Alcohol & Heart Health
The World Heart Federation says that even moderate alcohol consumption harms your cardiovascular health.
Red wine actually isn’t good for your heart. Really.
For the past 30 years, health experts have touted red wine (in moderation) as a heart-healthy beverage. But a January 2022 policy brief from the World Heart Federation (WHF) aims to set the record straight. No type of alcohol — including wine — is a friend to your heart.
It increases the risk of
- heart failure
- cardiomyopathy (a disease of the heart muscle)
- aortic aneurysm (a dangerous bulge in the wall of the aorta)
- atrial fibrillation (an irregular heart rhythm)
Alcohol and your heart – some thought-provoking data
The World Heart Federation included some statistics about alcohol and health in its January 2022 policy brief, “The Impact of Alcohol Consumption on Cardiovascular Health: Myths and Measures.” Here are some of the highlights:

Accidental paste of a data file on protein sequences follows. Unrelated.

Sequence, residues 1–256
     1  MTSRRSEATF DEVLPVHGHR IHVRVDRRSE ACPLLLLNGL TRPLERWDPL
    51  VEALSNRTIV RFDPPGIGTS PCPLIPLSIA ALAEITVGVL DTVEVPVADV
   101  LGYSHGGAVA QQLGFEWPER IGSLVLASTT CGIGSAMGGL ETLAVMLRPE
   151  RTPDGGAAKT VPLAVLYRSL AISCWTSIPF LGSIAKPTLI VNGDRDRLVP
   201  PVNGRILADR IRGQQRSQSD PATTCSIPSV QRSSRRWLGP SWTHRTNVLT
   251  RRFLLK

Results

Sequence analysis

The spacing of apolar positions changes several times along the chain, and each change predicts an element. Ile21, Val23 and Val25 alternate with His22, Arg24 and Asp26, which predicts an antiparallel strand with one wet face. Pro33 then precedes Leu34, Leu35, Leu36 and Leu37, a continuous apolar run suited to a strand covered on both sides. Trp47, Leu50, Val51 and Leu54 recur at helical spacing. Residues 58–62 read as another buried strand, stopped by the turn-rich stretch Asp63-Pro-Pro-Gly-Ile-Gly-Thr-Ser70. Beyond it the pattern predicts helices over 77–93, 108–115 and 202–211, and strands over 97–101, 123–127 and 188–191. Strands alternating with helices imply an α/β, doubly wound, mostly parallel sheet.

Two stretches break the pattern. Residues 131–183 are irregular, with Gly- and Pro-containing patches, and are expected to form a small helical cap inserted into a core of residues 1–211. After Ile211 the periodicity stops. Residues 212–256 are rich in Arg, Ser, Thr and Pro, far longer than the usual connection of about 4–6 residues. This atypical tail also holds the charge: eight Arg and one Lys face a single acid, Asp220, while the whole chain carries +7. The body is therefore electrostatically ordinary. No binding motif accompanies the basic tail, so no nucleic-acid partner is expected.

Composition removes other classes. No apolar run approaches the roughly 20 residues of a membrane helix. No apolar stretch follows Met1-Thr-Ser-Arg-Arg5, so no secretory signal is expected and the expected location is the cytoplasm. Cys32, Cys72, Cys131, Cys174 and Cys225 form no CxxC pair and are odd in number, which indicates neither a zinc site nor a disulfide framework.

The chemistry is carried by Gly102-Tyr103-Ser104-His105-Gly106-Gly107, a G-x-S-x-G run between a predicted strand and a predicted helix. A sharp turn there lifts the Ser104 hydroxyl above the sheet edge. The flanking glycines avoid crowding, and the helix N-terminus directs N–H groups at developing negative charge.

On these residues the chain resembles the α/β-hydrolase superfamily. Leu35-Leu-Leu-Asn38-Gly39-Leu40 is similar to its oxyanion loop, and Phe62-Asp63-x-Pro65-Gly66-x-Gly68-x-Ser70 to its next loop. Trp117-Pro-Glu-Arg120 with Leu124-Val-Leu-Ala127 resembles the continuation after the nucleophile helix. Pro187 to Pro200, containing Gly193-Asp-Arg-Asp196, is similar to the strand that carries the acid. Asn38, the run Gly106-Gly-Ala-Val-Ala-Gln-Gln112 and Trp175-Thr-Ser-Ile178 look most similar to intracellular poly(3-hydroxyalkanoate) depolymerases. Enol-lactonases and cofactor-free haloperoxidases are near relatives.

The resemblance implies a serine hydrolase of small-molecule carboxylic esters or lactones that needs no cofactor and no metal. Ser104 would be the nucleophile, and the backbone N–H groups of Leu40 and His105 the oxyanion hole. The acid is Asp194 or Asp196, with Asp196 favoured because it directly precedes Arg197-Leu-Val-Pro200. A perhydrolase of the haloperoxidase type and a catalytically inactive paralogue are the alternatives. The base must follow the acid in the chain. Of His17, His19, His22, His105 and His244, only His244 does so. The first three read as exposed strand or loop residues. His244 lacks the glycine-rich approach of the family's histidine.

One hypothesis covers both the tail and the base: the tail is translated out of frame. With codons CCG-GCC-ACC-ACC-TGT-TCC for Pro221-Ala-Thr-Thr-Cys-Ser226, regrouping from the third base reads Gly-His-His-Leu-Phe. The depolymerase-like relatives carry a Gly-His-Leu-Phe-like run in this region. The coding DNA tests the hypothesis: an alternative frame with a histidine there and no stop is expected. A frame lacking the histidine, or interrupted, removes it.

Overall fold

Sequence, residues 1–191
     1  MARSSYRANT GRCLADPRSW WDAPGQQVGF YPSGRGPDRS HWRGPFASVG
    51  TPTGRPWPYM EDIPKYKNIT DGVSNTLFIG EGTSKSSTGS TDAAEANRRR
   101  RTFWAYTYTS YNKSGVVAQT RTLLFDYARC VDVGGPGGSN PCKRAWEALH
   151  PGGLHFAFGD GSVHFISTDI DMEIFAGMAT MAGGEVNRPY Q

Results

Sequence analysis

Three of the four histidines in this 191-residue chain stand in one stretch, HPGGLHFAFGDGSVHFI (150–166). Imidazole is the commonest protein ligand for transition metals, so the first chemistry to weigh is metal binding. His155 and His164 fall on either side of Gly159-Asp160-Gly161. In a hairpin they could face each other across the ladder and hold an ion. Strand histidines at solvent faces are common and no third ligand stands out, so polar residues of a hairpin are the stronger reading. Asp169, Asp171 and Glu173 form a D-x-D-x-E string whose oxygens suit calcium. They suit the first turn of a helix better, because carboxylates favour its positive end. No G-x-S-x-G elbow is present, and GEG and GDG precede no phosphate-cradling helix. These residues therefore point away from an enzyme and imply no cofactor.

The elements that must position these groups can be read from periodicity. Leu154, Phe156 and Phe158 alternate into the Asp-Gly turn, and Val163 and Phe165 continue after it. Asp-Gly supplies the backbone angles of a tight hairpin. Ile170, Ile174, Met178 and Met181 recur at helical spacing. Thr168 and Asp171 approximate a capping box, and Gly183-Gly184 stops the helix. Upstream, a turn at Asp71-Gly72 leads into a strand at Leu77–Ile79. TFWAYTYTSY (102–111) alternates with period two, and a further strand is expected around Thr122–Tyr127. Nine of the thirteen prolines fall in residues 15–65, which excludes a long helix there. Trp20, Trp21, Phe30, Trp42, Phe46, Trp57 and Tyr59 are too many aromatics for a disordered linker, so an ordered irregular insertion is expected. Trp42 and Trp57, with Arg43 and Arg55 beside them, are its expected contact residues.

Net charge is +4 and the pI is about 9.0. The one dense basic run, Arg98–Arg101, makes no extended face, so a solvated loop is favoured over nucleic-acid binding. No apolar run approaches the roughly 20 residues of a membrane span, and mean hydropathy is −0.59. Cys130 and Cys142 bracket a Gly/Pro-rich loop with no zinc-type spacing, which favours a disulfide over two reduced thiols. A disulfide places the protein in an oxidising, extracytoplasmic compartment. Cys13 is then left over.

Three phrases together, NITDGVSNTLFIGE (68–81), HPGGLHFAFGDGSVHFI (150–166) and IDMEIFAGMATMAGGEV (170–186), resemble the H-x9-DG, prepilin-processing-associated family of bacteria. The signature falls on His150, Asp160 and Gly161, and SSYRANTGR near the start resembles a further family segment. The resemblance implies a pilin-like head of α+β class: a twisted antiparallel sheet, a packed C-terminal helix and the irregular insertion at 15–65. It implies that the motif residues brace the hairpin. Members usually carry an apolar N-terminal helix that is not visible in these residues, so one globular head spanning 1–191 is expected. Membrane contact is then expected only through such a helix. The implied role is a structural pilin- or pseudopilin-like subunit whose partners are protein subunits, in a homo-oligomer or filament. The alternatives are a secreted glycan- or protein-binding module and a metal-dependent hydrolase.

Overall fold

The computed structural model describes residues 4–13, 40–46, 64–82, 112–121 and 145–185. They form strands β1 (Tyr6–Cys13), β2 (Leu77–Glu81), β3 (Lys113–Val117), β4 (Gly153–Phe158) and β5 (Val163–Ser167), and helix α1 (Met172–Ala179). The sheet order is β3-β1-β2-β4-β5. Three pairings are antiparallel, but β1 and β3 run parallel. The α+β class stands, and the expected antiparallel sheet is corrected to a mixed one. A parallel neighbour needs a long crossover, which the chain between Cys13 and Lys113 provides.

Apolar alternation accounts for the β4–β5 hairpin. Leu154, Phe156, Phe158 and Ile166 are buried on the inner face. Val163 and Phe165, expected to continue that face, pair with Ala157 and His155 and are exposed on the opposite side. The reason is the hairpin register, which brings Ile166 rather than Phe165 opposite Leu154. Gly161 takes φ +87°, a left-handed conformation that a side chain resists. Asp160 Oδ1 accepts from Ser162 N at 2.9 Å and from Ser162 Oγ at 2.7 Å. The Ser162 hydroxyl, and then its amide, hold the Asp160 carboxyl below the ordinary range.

- Globally, alcohol use contributed to 2.4 million deaths in 2019 — 4.3% of all deaths.
- Some 230 diseases are linked to alcohol use.
- Alcohol, even in small amounts, is linked to a higher risk of breast cancer. It’s also a risk factor for cancers of the mouth, throat, and liver, among others.
- People who drink moderately are about 14% more likely to have a stroke compared with those who don’t drink at all, and also 15% more likely to suffer a fatal aortic aneurysm.
- Alcohol use is linked to narrowing of the carotid arteries and the coronary arteries, which may lead to stroke or heart attack.
April 17, 2022